Summary: Understanding what forgiveness really involves and why its so important.

Why Should I Forgive?

Brennan Manning tells a story

in his book The Ragamuffin Gospel.

25 years ago, he had a drinking problem.

He voluntarily entered a 28-day treatment program.

Early on in the treatment program

they had to sit in a circle with a leader

and tell the other people in the group,

about the extent of their drinking.

So they went around the circle

and they all told their story,

except for one business guy named Max.

When it came time for him to talk about his drinking, he said,

"I never really drank that much."

They said, "Max,

you’re in an alcoholic treatment center for a month.

You weren’t sipping cokes.

Tell us the truth. Admit it."

He said, "I’m being honest with you.

I’ve never really had all that much to drink."

Well, upon coming into the program

they’d all signed affidavits

to be able to get information any way they wanted.

So they had a speaker phone in the center of the circle,

and the leader of the group said,

"I’m going to call the bar that’s close to your office

and we’ll just find out."

So they call and ask for the bartender

and the leader says to him,

"Do you know Max So-and-So?"

The bartender says,

"Oh, like a brother! He stops in every day after work and has a minimum of six martinis.

Man, this guy drinks like a fish! He’s the best customer we have."

The rest of the people in the group all looked at Max.

Max says, "Yes, I’ve had a lot to drink."

A little later on in the group, they asked everyone,

"Have you ever hurt anybody,

a friend or family member,

while you were drunk?"

Some people described their experiences.

They get around the circle to Max, who says,

"I would never, ever hurt anybody.

Not when I’m sober, not when I’m drunk.

I have four lovely children.

I’d never hurt my wife, I’d never hurt my kids."

The leader says,

"You know, Max, we don’t believe you.

We’re going to call your wife."

As soon as Max’s wife starts talking on the speaker phone,

Max starts breathing heavily.

He knows something’s coming

that he has been unwilling to face.

The leader says,

"Mrs. So-and-So,

has Max ever mistreated you or anyone in the family

when he was drunk?"

And she said,

"Well, yes he has. It happened just this last Christmas Eve.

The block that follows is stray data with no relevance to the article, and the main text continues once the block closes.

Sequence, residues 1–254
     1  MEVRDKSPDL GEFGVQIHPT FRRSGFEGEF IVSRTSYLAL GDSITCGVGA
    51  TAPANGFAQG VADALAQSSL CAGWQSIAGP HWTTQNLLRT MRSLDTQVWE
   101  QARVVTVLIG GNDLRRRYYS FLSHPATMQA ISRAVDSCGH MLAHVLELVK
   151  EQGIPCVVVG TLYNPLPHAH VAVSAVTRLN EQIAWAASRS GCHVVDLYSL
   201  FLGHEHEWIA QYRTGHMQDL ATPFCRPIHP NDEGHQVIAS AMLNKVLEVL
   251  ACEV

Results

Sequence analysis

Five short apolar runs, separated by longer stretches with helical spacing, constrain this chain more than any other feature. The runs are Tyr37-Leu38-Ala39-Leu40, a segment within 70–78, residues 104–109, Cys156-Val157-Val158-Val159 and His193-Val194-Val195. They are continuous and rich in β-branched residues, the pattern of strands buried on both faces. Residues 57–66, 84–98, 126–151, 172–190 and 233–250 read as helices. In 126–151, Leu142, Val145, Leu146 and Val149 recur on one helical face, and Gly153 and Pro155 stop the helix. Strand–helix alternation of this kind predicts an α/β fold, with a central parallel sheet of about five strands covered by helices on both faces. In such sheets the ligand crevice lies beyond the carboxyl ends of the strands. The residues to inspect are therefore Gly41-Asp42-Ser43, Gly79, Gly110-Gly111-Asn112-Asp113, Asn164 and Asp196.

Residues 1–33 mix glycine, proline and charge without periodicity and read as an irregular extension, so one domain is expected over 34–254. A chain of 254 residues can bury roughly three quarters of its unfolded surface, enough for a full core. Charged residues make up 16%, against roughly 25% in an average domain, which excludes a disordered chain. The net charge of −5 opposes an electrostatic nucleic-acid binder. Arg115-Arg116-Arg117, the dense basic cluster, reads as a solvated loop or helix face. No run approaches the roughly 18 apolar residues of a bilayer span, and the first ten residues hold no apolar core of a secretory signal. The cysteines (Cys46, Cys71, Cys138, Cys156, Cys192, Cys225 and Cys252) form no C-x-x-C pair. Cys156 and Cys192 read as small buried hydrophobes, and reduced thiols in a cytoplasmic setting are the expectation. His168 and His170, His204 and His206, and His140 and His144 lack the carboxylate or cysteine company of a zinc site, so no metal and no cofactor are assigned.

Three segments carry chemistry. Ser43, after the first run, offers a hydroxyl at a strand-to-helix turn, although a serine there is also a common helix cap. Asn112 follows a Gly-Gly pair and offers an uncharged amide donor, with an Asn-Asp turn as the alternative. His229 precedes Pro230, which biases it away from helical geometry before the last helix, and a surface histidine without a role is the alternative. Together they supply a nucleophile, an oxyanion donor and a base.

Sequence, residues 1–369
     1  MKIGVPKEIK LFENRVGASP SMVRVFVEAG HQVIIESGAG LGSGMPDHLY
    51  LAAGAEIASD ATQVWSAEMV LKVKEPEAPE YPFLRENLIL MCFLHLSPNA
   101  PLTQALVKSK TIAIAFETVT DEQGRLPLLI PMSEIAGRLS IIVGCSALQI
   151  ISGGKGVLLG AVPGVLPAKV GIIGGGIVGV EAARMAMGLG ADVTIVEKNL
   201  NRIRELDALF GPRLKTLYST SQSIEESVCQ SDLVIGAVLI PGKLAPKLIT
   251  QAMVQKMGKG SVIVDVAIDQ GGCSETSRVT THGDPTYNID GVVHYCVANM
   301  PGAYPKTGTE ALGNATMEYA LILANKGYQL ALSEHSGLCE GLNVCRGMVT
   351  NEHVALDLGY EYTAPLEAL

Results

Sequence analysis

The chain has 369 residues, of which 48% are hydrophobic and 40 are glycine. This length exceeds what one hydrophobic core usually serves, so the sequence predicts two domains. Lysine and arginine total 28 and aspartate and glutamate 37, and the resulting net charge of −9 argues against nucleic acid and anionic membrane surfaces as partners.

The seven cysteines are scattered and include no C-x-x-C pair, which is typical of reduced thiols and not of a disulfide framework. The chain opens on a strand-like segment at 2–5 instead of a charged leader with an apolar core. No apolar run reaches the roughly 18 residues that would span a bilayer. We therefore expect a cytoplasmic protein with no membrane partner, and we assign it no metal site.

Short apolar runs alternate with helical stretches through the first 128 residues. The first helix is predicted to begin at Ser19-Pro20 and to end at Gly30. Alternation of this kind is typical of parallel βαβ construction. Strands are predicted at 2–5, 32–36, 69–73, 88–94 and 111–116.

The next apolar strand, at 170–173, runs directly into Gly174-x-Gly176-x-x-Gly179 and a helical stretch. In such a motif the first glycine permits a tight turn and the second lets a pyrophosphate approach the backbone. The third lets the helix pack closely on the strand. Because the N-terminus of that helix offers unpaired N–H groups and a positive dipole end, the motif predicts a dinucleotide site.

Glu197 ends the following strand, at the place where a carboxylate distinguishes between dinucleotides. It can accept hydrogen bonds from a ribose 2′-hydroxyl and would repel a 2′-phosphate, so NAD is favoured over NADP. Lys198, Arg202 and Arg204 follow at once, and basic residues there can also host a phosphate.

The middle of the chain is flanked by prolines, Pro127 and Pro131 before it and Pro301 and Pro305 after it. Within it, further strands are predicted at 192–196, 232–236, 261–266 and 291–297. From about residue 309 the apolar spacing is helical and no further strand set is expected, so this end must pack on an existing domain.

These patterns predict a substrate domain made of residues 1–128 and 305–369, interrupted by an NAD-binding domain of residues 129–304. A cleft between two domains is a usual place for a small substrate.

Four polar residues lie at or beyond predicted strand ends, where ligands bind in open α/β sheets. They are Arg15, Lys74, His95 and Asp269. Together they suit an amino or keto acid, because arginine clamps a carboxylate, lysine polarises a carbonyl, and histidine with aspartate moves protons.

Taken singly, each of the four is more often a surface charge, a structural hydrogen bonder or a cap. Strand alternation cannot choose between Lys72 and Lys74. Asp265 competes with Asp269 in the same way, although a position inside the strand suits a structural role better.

He took our 9-year-old daughter shopping on Christmas Eve, bought her a new pair of shoes; he’s a generous man.

On the way home, our little girl was sitting in the front seat enjoying her new shoes, and Max passed the bar and saw the cars of some of his buddies.

"He pulled in. It was a cold, wintry day, 12 degrees, with a high wind chill.

He made sure all the windows were rolled up snugly.

He left the car running so that the heater was blowing, and he said to our 9-year-old daughter, ’I’ll be right back.

You just play with your shoes; I’ll be right back.’

"He went in the bar and started drinking with his buddies.

He didn’t come out of the bar until midnight.

In that time, the vehicle had shut off and the windows had become all frosted over and locked up tight so she couldn’t get herself out of the car.

When the authorities opened up the car and rushed her to the hospital, she was so badly frostbitten that her thumb and forefinger had to be amputated. And her ears were so damaged by the cold that she’ll be deaf for the rest of her life."

The wife describes this to the group,

and Max falls off his chair and starts convulsing on the ground.

He just couldn’t bear admitting what he had done.

He couldn’t face it.

He was going to live the rest of his life

in some fantasy world of denial

about what he had done.

Why did I tell that story?

Just to depress everybody here?

I’ll tell you why.

If I had the time,

I could pass a microphone down the aisle

and I’m willing to bet that every person here

would have something they could share,

some way they’ve hurt others deeply.

You probably didn’t put a kid in the hospital.

Maybe the only wounds the other person got

were emotional.

Maybe you did it on purpose,

or maybe you just didn’t realize what you were doing,

you just weren’t aware,

Maybe you had such huge needs yourself,

and were so hurting yourself,

that you didn’t realize

you were hurting someone else.

I have a little brother, named Phil.

He lives out in Portland Oregon now,

and of course he’s not little anymore,

he weighs about 50 pounds more than I do.

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